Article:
Physicists and astronaut discuss cosmic ray detector's findings of possible signs of dark matter
Two MIT physicists and an alumnus who's a NASA astronaut spoke on campus earlier this week, describing an experiment that's been 18 years in the making and yielded its first significant results just last week.
The experiment, called the Alpha Magnetic Spectrometer, or AMS, was mounted on the side of the orbiting International Space Station (ISS) in May 2011, when it was delivered there by a space shuttle crew that included astronaut Michael Fincke '89. Fincke has logged more time in space than any other active astronaut, having spent more than a year in space, including more than 50 hours on spacewalks.
Fincke and Andrei Kounine, a senior researcher in MIT's Laboratory for Nuclear Science and AMS's coordinator for physics analysis, described the experiment's results, and the process of getting the experiment into space. They were introduced by Samuel Ting, the Thomas D. Cabot Professor of Physics, who conceived of the AMS experiment 18 years ago and led its development and deployment. The $1.6 billion project ultimately involved 650 scientists from more than 50 universities and agencies in 16 countries.
So far, the magnetic detector has recorded more than 30 billion "events"—impacts from cosmic rays. Of those, 6.8 billion have been identified as impacts from electrons or their antimatter counterpart, positrons—identified through comparisons of their numbers, energies and directions of origin.
AMS's most eagerly anticipated findings—observations that would either confirm or disprove the existence of theoretical particles that might be a component of dark matter—have yet to be made, but Ting expressed confidence that an answer to that question will be obtained once more data is collected. The experiment is designed to keep going for at least 10 years.
In the meantime, the results so far—showing more positrons than expected—already demonstrate that new physical phenomena are being observed, Ting and Kounine said. What's not yet clear is whether this is proof of dark matter in the form of exotic particles called neutralinos, which have been theorized but never observed, or whether it can instead be explained by emissions from distant pulsars.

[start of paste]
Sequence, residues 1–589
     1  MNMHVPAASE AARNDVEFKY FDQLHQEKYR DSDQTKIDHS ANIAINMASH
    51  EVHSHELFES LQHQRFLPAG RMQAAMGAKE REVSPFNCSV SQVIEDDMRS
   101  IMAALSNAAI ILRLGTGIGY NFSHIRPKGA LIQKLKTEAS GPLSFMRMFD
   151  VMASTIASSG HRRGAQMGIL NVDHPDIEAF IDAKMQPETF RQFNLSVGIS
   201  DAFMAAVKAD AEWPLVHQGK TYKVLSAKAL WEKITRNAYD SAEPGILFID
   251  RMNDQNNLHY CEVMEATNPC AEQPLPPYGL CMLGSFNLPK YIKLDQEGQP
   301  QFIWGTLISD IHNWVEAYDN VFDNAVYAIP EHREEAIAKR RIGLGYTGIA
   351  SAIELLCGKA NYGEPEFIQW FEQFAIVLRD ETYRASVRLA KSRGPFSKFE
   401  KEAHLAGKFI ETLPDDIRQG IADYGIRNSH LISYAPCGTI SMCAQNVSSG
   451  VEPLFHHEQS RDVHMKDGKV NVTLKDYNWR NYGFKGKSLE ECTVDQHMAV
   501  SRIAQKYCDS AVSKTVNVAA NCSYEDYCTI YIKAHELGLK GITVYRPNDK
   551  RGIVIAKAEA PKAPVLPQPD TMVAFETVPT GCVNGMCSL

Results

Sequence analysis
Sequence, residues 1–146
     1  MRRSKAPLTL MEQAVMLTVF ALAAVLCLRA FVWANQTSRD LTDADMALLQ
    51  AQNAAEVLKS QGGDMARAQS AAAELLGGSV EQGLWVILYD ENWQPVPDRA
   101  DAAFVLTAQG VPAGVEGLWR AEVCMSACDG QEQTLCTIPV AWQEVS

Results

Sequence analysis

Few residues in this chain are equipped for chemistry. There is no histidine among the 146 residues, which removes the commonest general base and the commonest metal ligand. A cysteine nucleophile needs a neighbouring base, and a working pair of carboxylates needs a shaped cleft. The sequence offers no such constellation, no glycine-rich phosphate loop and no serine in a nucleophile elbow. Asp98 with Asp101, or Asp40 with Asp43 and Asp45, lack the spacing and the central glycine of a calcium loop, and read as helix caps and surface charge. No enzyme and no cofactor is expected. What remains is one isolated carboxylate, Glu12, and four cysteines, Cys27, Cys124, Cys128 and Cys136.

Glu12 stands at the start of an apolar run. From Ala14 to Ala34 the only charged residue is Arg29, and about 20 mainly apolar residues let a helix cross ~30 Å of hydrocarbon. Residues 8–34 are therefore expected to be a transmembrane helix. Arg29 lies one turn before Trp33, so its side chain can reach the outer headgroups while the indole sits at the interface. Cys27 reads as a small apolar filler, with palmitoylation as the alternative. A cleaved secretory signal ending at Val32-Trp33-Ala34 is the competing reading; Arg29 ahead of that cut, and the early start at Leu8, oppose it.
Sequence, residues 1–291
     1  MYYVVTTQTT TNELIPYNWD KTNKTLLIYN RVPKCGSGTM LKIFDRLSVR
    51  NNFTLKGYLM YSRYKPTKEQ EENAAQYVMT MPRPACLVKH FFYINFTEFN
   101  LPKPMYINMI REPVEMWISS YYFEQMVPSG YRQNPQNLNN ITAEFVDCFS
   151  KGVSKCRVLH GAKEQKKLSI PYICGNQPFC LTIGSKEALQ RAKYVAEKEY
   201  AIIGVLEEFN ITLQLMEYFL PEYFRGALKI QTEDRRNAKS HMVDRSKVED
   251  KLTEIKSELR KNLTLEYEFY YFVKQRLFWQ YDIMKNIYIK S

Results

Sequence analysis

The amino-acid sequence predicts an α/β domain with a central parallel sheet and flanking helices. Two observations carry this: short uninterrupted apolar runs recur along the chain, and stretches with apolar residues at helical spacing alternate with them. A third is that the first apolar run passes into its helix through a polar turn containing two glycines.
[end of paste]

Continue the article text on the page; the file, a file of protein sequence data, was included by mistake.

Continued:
Kounine explained that in addition to its primary focus on identifying signs of dark matter, AMS is also capable of detecting a wide variety of phenomena involving particles in space. For example, he said, "it can identify all the species of ions that exist in space"—particles whose abundance may help to refine theories about the origins and interactions of matter in the universe. "It has great potential to produce a lot more physics results," Kounine said.
An answer on whether the observed particles are being produced by collisions of dark matter will come from graphing the numbers of electrons and positrons versus the energy of those particles. If the number of particles declines gradually toward higher energies, that would indicate their source is probably pulsars. But if it declines abruptly, that would be clear evidence of dark matter.
"Clearly, these observations point to the existence of a new physical phenomenon," Kounine said. "But we can't tell [yet] whether it's from a particle origin, or astrophysical."
Fincke, one of two astronauts who actually attached the AMS to the exterior of the ISS, said he was honored to have had the opportunity to deliver such an important payload. He was joined on the mission—the last flight of space shuttle Endeavour, and the second-to-last of NASA's entire shuttle program—by another MIT alum, Greg Chamitoff PhD '92.
Before the mission, the Endeavour astronauts visited CERN in Switzerland, where AMS's mission control center is located, to learn about the precious payload they would be installing, Fincke said. "That got our crew to be extremely motivated to ensure success," he said.
The device itself, Fincke explained, "was built to have as little interaction with astronauts as possible": Once bolted into place, it requires no further attention. And while it was designed to withstand inadvertent impacts, he said that he and his fellow astronauts were careful to give it a wide berth. "We didn't want to even get close," he said.
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